Rogers Smith

From Wikipedia the free encyclopedia

Rogers Smith (born September 20, 1953) is an American political scientist and author noted for his research and writing on American constitutional and political development and political thought, with a focus on issues of citizenship and racial, gender, and class inequalities.

Born in Spartanburg, South Carolina and raised in Springfield, Illinois, Smith graduated with a B.A. in political science from James Madison College, Michigan State University in 1974, including study abroad at the University of Kent in England. He attended graduate school at Harvard University, completing his M.A. in 1978 and his PhD degree in government in 1980. Smith taught at Yale University from 1980 to 2001, when he moved to the University of Pennsylvania, where he is the Christopher H. Browne Distinguished Professor of Political Science.

Smith's writings have received numerous awards. Civic Ideals (1997) was a finalist for the 1998 Pulitzer Prize in history, and won several awards from the American Political Science Association (APSA), the Organization of American Historians, and the Social Science History Association.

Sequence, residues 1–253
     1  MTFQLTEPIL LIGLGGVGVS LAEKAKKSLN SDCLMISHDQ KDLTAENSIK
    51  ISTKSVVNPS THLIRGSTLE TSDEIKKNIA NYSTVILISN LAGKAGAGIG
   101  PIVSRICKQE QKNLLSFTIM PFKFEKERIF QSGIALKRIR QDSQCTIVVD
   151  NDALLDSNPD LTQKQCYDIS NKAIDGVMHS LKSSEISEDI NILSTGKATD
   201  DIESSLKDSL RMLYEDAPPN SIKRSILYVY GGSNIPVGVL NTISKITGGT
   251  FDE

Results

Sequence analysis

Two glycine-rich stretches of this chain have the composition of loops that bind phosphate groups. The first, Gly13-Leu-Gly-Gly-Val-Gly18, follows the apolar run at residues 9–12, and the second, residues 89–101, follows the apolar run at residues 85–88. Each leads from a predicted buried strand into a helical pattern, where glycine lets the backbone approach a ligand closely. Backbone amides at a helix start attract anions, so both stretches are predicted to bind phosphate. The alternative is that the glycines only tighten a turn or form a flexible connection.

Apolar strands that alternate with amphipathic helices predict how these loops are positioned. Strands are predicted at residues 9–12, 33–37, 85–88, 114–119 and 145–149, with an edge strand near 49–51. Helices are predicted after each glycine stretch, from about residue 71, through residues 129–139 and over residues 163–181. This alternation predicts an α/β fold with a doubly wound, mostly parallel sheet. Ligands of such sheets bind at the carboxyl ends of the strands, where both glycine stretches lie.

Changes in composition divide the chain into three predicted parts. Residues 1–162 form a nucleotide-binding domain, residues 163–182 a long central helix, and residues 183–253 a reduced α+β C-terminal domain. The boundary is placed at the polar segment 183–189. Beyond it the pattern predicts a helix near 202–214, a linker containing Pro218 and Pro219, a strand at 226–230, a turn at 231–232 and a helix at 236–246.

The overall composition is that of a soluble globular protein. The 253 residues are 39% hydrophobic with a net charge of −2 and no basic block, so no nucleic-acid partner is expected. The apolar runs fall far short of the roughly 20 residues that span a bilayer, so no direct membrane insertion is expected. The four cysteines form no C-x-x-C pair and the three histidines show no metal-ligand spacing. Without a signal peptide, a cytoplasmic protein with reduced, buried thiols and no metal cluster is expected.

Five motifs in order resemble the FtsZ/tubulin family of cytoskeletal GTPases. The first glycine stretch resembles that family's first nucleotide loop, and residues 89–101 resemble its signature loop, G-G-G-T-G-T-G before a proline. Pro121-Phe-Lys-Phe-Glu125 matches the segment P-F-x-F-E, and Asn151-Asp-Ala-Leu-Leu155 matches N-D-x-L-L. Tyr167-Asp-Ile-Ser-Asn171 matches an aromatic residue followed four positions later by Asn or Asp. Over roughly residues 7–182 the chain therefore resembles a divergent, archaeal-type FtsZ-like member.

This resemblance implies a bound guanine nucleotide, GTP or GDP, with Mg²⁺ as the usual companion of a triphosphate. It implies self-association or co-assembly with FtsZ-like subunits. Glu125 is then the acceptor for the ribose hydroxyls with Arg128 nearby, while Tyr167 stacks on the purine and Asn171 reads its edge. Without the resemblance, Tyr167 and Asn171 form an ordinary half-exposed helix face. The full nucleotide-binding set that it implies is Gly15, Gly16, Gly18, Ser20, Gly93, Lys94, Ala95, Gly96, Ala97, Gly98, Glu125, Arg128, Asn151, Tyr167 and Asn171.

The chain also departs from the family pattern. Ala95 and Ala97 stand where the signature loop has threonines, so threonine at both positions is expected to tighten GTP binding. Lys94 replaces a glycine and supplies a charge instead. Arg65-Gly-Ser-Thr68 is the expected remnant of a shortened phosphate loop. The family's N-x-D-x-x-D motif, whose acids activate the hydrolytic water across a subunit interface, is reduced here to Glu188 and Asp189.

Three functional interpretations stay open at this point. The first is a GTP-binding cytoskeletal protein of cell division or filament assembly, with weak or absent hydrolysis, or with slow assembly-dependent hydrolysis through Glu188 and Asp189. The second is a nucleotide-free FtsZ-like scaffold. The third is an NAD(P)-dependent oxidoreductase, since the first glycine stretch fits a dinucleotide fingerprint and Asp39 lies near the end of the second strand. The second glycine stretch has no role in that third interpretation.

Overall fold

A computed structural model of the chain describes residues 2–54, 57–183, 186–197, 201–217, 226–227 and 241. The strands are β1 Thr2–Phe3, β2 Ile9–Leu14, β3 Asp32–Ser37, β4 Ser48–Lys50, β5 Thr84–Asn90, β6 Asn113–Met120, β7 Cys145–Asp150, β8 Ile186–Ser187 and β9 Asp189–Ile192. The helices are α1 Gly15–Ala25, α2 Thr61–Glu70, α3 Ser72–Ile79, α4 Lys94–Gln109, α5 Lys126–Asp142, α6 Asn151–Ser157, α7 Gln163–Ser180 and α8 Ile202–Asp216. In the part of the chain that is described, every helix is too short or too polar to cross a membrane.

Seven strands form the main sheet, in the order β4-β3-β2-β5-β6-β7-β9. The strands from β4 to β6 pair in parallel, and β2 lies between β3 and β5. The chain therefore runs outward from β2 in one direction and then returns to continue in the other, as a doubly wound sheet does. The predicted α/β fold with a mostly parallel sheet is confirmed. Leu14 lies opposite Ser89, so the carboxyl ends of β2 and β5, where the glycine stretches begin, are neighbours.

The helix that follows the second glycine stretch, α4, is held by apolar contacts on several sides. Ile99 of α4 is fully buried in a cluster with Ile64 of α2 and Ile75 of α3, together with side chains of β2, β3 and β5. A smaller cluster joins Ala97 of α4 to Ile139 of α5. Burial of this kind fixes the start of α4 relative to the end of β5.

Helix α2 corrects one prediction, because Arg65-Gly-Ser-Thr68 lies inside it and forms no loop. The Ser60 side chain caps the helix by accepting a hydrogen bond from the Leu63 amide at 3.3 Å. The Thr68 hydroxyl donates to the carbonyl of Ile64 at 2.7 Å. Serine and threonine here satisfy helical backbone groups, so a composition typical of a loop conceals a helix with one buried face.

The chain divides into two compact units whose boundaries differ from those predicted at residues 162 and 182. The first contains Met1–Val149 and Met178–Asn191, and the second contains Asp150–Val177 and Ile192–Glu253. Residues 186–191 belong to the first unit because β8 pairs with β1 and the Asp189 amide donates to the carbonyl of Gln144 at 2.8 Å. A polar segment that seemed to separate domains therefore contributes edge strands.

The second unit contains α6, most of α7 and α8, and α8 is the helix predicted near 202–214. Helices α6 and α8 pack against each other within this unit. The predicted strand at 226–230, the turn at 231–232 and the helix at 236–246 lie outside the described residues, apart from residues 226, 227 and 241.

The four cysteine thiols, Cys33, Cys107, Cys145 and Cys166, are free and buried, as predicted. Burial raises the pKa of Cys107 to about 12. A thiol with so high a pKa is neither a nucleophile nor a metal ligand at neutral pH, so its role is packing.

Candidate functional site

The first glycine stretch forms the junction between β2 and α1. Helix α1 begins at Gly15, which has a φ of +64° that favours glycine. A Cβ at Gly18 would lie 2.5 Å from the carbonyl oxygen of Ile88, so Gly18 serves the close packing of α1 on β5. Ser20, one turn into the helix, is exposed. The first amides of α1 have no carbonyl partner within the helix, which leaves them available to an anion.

Smith chaired the Penn Program on Democracy, Citizenship, and Constitutionalism, now the Andrea Mitchell Center for the Study of Democracy, from 2006 to 2017 and he was Associate Dean for the Social Sciences in the School of Arts and Sciences at the University of Pennsylvania from 2014 to 2018. He also co-founded the Teachers Institute of Philadelphia in 2006 and co-chaired its Advisory Council until 2018. He was president of the Politics and History section of American Political Science Association (APSA) for 2001–2002 and served on the APSA Council in 2005 and 2006. He was Vice President of the American Political Science Association in 2008–2009 and co-president of the Migration and Citizenship section of APSA from 2013 to 2015. Smith was elected a Fellow of the American Academy of Arts and Sciences in 2004; a Fellow of the American Academy of Political and Social Science in 2011; and a member of the American Philosophical Society in 2016. He served as President of the American Political Science Association in 2018–2019.

Selected publications[edit]

External links[edit]